Hughesnet, on the other hand, has been competently operating a globe-spanning digital communications network for 50 years. Hughesnet Fusion’s nationwide rollout is scheduled to be complete in just a few months, at which time people who signed up for Starlink this summer will likely still be waiting for their dish to arrive.

Hughesnet Fusion provides a more reliable connection than Starlink

A final advantage of Hughesnet Fusion’s hybrid approach is that your connection has built in redundancy to ensure a reliable online experience. All wireless communication is vulnerable to interference from weather, and satellite doubly so. Even if it’s clear skies on your end, heavy rain at the satellite ground station could still interrupt your connection.

With a system like Hughesnet Fusion, the wireless network can compensate for interference in your satellite connection and vice versa. This is still not as reliable as a wired connection like fiber, but it’s definitely one of the best defenses against service interruption you can get with wireless internet.

Hughesnet Fusion vs 4G home internet

ProviderPriceSpeedData capOrder online
Hughesnet Fusion$94.99/mo. for 12 mo.*Up to 100MbpsUnlimited
Hughesnet Satellite-only$49.99–$64.99/mo. for 12 mo.*50-100MbpsUnlimited
Verizon$25.00–$80.00/mo.Up to 1000 MbpsNo data caps
T-Mobile$60.00/mo.33–182 Mbps MbpsNo data capsView Plans

Since the wireless half of Hughesnet fusion brings so much to the party, why not just go with a simple (and cheaper) 4G LTE home internet plan? Turns out there are still two good arguments for Hughesnet Fusion:

  • Wider availability
  • More reliable connection

Hughesnet Fusion offers wider availability

The biggest selling point that satellite internet has over other types of wireless networks is that although technologies like 4G are widespread, there are still underserved areas where satellite is the only option. If you’re using a hybrid satellite/wireless service, why not just switch to 4G?

A subtle but important difference between mobile 4G and home 4G is that just because a provider offers cell service in an area doesn’t mean that you can get home internet from the same provider. The only reason providers can offer home 4G with faster speeds and lower monthly cost than their own mobile plans is because they only offer home 4G in areas where their networks have bandwidth to spare. While your phone might still get adequate service on the edges of your provider’s network, that signal isn’t strong enough to provide home internet.

Unlike a traditional wireless network, Hughesnet Fusion doesn’t need to rely on its wireless half for 100% of its bandwidth. That means that it can make use of the weaker signals that aren’t strong enough to deliver a home internet connection on their own. By partnering with multiple wireless providers, Hughesnet anticipates that it will be able to offer Hughesnet fusion to nearly all of its customers in the continental US, even in remote locations.

Hughesnet Fusion is available in every area of the continental US, though certain homes that have good satellite connections might not get other wireless signals (sad times for those who live in deep, south-facing canyons). To find out if your home can upgrade to a Fusion plan, click the button below.

Hughesnet Fusion is more reliable than 4G internet

Hughesnet Fusion’s built-in backup gives it an advantage over other wireless plans when it comes to reliability. 4G networks are still fairly reliable and aren’t as vulnerable to interruption as satellite networks, but having a backup with the Hughesnet Fusion network  is still helpful, especially if you work from home.

Hughesnet Fusion vs Viasat and Hughesnet satellite-only

ProviderPriceSpeedData capOrder online
Hughesnet Fusion$94.99/mo. for 12 mo.*Up to 100MbpsUnlimited standard data
Hughesnet Satellite-only$49.99–$64.99/mo. for 12 mo.*Up to 50-100MbpsUnlimited standard data
Viasat$99.99–$119.99/mo.50–150 MbpsUnlimited data

Current Hughesnet customers who upgrade to Hughesnet will be sent a second router that plugs into their current Hughesnet router. Unlike your main router which has to be plugged into the outdoor satellite dish, the router for your wireless connection attaches to a smaller indoor antenna that can be placed near a window.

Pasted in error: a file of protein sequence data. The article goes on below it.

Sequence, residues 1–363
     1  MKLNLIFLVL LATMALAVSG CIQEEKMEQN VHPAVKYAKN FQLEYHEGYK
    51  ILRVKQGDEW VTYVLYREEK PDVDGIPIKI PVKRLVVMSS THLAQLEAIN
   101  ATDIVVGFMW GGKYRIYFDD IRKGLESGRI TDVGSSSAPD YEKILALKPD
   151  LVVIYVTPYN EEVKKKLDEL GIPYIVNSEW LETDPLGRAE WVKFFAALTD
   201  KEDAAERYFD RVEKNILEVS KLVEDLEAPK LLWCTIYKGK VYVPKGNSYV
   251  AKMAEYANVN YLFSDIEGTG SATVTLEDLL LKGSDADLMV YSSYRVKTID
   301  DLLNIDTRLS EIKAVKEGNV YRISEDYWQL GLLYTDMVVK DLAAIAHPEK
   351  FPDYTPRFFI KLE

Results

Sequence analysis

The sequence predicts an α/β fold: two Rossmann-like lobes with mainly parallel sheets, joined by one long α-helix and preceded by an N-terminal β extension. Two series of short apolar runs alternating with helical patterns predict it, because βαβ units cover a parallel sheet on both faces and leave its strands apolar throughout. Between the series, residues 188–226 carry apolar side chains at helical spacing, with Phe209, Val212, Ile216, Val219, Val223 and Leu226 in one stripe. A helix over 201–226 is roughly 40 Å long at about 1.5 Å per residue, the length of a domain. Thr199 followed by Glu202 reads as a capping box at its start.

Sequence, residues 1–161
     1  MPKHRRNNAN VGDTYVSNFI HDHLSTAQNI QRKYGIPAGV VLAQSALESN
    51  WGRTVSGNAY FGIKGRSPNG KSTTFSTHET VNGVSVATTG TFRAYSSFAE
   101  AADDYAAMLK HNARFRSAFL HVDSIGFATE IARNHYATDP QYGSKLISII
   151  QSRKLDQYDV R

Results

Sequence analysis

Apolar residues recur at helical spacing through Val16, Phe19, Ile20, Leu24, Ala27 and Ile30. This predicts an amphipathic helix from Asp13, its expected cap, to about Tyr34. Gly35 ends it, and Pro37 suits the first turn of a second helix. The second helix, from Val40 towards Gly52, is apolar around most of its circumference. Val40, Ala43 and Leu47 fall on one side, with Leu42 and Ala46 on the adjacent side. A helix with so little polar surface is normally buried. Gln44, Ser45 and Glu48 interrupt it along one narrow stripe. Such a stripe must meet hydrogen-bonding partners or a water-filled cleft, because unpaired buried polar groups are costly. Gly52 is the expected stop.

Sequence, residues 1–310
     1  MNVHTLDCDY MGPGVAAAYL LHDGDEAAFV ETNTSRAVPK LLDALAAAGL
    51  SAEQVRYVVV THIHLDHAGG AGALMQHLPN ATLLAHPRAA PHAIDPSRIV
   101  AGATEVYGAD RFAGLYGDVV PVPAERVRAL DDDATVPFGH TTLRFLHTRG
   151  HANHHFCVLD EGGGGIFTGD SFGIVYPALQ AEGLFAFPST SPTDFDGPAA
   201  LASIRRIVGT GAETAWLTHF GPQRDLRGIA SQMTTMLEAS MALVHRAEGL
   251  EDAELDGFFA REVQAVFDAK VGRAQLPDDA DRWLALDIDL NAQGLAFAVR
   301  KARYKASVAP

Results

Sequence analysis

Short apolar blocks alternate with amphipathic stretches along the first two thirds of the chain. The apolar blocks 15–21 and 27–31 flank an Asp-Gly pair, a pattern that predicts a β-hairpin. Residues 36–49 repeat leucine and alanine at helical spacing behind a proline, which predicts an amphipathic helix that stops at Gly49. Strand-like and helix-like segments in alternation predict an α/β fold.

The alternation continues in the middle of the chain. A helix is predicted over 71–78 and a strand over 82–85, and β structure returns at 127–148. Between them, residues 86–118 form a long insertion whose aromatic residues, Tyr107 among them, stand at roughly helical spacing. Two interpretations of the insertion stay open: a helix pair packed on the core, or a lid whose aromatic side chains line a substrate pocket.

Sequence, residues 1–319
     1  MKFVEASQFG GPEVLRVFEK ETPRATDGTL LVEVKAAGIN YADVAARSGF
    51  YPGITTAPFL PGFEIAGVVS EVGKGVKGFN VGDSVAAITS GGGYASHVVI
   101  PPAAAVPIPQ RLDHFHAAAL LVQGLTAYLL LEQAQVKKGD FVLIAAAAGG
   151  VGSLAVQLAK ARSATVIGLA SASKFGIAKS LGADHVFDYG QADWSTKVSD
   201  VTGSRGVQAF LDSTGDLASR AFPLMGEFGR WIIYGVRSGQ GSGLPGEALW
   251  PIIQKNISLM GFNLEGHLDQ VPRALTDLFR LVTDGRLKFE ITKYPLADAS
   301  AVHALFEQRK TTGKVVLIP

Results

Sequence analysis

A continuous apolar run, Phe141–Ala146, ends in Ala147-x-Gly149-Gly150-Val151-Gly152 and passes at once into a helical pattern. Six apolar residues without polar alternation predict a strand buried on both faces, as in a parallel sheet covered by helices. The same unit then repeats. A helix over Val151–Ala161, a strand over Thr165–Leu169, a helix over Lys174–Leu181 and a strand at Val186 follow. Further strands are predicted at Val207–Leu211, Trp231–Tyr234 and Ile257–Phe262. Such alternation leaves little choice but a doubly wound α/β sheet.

Current customers can install this new equipment themselves. For new Hughesnet customers, installation of this new equipment comes included in your normal Hughesnet installation.

Fusion plans have a higher monthly cost than standard Hughesnet plans, starting at $99. The second router also comes with an additional equipment rental fee, so these recurring monthly costs add up.

Even though your data comes through two separate networks, the way you manage your data doesn’t change. Data is still deducted from your monthly quota, regardless of whether it comes by way of satellite or cell tower. Bonus Zone data, data tokens, and download speed are unaffected by the change. The only difference in your monthly experience is the lower latency, the increased reliability, and, of course, the change to your monthly bill.

Although Hughesnet Fusion provides a smoother, snappier online experience by lowering latency, this does not change your actual download speed. This means that for those in rural areas who want a faster connection, Viasat might be a better option. Just be aware that although Viasat is faster, it still comes with the lag caused by an incredibly high latency satellite connection.

The bottom line

Hughesnet Fusion is the satellite provider’s answer to LEO satellites like Starlink. Although there’s nothing particularly new about the technology it uses, Fusion seems to be a practical alternative to this new generation of satellites. It’s a pricey upgrade, but well worth it for those in rural areas who want a more reliable internet experience.

Hughesnet Fusion FAQs

Where are Hughesnet Fusion plans available?

Does this service include cellular phone service?

Do I need a separate wireless plan to use Hughesnet Fusion?

What is the difference between Hughesnet Fusion plans and satellite-only plans?


  1. Jonathan C. McDowell, Jonathan’s Space Pages, “Starlink Statistics,” November 30, 2022. Accessed December 1, 2022.
  2. Aaron Leong, DigitalTrends, “Why Starlink download speeds are experiencing double-digit dips,” November 30, 2022. Accessed December 1, 2022.
  3. Kate Duffy, Business Insider, “SpaceX’s Starlink User Growth Dropped in December As Some Preorder Customers Became Frustrated Over Waiting 11 Months for the Internet Service,” January 7, 2022. Accessed December 1, 2022.

Author -

Peter Christiansen writes about satellite internet, rural connectivity, livestreaming, and parental controls for Peter holds a PhD in communication from the University of Utah and has been working in tech for over 15 years as a computer programmer, game developer, filmmaker, and writer. His writing has been praised by outlets like Wired, Digital Humanities Now, and the New Statesman.